Bingo is one of the most popular games in the world. And contrary to popular belief, people of all ages are enthusiastic about it.
Bingo is a social game that fosters camaraderie and friendship among players. It’s also an inclusive activity that people from all identities can enjoy.
Bingo’s popularity and accessibility are part of the inspiration for our People Bingo activity. We’ve designed it so that your students can get to know their classmates, one interesting trait at a time.
People Bingo’s prize is student relationship building
People Bingo isn’t about numbers, chips, or money. Our version of bingo is centered on connecting students with their peers and building community, so there are no losers.
People Bingo substitutes numbers for student facts and statements. In this student relationship building activity, participants move around the room interviewing classmates. The first person who can find someone to sign their name to every statement on the grid wins!
These easy, quick interactions between students that involve them asking one another questions like “do you speak two languages?” or “do you write poetry?” may seem small, but they’re actually a huge accomplishment for introverted kids who have to work up the courage to interact with others. These interactions are just long enough for them to engage with their peers, but not so long that they cause them anxiety.
As educators, our job is to orchestrate experiences that will allow young people to build relationships with one another. People Bingo and other BTC icebreakers nudge these relationships along in a structured way.
Student relationship building tools like our People Bingo icebreaker are rooted in a group-development theory that recognizes that students form relationships at their own pace. Using a river as a metaphor for new experiences, we can compare this development to a group of kids approaching a raft to take a ride down a river. Some will plunge into the water head first, busting at the seams to swim and ready to make friends immediately. Others will dip their toe into the water but are hesitant to submerge themselves because they need to develop trust between their teachers and their peers first, and some have a painfully difficult time connecting and building relationships.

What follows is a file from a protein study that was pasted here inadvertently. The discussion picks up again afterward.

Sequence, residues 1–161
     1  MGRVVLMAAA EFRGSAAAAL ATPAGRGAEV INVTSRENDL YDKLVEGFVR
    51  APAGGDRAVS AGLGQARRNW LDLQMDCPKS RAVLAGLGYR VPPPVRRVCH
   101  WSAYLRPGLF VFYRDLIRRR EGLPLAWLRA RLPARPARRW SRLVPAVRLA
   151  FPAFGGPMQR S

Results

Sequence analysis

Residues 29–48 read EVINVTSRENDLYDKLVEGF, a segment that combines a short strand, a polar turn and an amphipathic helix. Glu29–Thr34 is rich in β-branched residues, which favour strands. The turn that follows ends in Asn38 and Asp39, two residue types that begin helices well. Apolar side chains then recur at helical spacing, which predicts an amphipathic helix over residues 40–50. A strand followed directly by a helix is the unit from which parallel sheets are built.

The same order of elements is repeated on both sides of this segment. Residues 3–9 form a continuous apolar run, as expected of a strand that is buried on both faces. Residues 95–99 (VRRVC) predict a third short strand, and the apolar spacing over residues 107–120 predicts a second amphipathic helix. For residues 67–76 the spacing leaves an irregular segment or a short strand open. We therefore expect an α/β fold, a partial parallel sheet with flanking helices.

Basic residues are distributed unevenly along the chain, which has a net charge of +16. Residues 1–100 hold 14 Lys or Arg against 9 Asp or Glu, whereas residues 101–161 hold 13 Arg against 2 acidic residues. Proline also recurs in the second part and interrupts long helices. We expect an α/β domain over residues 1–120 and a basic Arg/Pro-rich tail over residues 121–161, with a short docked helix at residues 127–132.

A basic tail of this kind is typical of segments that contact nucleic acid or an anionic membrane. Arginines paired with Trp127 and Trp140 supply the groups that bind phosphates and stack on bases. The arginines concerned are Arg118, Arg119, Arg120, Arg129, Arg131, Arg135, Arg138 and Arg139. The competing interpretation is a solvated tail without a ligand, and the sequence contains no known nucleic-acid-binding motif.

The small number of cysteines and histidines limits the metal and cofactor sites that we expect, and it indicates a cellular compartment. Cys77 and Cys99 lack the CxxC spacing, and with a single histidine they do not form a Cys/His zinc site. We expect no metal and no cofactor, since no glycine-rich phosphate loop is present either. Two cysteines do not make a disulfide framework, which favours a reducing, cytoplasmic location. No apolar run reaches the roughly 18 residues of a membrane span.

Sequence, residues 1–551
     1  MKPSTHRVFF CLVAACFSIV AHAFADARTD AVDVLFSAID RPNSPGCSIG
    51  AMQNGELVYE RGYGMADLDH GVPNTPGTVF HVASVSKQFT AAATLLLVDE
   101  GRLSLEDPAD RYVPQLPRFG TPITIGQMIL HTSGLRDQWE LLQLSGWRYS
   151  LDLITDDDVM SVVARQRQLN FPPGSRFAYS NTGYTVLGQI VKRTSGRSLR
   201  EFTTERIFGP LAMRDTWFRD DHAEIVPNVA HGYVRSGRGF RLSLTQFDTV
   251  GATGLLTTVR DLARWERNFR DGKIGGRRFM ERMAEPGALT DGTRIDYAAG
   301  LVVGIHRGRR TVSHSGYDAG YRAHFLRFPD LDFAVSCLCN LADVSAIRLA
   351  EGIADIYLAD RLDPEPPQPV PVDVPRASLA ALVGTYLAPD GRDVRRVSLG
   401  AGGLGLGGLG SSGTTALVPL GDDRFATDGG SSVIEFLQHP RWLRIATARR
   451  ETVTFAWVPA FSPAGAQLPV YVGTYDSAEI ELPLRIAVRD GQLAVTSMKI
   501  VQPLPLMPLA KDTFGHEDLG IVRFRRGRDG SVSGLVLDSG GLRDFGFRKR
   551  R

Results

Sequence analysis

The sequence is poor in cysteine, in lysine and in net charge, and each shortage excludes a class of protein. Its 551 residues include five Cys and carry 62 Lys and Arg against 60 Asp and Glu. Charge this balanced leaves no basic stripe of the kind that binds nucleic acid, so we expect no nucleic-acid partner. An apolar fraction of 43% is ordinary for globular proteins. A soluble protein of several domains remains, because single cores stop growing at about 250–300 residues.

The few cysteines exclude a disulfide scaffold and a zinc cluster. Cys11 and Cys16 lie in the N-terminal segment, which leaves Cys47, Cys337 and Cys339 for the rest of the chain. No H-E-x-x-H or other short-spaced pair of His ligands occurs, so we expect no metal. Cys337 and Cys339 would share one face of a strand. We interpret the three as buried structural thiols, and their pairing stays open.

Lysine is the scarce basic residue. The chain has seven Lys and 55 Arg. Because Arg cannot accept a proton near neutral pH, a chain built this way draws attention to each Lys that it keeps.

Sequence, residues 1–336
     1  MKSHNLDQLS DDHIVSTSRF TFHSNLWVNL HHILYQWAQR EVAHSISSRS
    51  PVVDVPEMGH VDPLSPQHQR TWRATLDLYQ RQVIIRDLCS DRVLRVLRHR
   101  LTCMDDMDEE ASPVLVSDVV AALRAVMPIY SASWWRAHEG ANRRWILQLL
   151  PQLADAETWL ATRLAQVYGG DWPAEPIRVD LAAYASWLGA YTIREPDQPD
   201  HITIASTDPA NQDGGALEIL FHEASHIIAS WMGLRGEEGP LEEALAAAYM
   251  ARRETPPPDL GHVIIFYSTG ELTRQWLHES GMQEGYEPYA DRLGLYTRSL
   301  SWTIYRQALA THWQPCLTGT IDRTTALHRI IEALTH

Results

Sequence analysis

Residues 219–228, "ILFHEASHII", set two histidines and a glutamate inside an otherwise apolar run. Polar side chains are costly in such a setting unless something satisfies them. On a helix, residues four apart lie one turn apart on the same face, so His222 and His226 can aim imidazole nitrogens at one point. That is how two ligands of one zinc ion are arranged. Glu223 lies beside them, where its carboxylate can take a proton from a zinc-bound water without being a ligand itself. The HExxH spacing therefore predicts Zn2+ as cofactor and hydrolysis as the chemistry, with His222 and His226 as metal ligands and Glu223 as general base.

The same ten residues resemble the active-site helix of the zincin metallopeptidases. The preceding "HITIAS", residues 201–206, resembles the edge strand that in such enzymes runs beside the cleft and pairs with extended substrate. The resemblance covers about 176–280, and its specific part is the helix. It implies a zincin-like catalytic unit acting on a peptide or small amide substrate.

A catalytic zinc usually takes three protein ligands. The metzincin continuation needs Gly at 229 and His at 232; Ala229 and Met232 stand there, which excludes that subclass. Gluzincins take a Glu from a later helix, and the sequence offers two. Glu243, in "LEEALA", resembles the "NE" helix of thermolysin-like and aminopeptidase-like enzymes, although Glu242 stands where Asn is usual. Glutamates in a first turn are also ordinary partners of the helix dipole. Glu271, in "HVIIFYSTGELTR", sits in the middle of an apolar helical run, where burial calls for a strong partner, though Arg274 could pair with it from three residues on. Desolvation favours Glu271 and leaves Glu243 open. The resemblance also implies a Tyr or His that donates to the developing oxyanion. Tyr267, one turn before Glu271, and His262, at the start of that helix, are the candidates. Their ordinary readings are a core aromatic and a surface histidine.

Student relationship building tools flatten social hierarchies and build social equities
Creating spaces where students can find and expand upon their similarities helps them to build social resource, which can go a long way to foster inclusion, humanize students among their peers, and promote positive interactions between children.
For example, if an outgoing popular kid and a shy kid with less social resource discover that they both like going to the beach, this commonality can go a long way in the eyes of the other students. Suddenly, the shy, unpopular kid has something they can gab about with one of the popular kids. Over time, these activities humanize every child, which makes a real difference in how they interact with one another.
This student relationship building activity is one of 45 in a curriculum that uses experimental activities to develop critical thinking skills in children. These icebreakers and games are great to kickstart the school year or to weave into weekly lessons that encourage students to reject the rigid, social hierarchies that rank them based on popularity, race, gender, and class, in favor of social equality for all kids.
People Bingo creates a safe space for students at all levels of relationship development to get to know one another better.
All forms of bingo can build camaraderie among participants, but bingo that centers people and rewards players with the prize of developing meaningful connections is the most rewarding one of all.
Ready to try out this student relationship building activity? Download our free handout and play today!
Love this activity and want more? Visit Experiential Activities to Develop Critical Thinkers.